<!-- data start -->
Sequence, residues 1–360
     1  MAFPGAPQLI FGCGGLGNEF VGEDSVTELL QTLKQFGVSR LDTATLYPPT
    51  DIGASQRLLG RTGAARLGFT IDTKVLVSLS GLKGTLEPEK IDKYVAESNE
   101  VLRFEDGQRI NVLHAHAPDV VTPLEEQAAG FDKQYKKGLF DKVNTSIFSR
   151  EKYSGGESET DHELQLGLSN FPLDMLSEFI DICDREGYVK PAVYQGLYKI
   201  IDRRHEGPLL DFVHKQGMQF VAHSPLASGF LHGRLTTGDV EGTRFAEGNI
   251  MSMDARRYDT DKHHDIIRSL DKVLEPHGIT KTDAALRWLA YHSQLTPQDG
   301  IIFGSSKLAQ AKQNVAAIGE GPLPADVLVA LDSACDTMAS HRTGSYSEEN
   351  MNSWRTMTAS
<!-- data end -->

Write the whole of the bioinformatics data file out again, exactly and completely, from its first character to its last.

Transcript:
Sequence, residues 1–360
     1  MAFPGAPQLI FGCGGLGNEF VGEDSVTELL QTLKQFGVSR LDTATLYPPT
    51  DIGASQRLLG RTGAARLGFT IDTKVLVSLS GLKGTLEPEK IDKYVAESNE
   101  VLRFEDGQRI NVLHAHAPDV VTPLEEQAAG FDKQYKKGLF DKVNTSIFSR
   151  EKYSGGESET DHELQLGLSN FPLDMLSEFI DICDREGYVK PAVYQGLYKI
   201  IDRRHEGPLL DFVHKQGMQF VAHSPLASGF LHGRLTTGDV EGTRFAEGNI
   251  MSMDARRYDT DKHHDIIRSL DKVLEPHGIT KTDAALRWLA YHSQLTPQDG
   301  IIFGSSKLAQ AKQNVAAIGE GPLPADVLVA LDSACDTMAS HRTGSYSEEN
   351  MNSWRTMTAS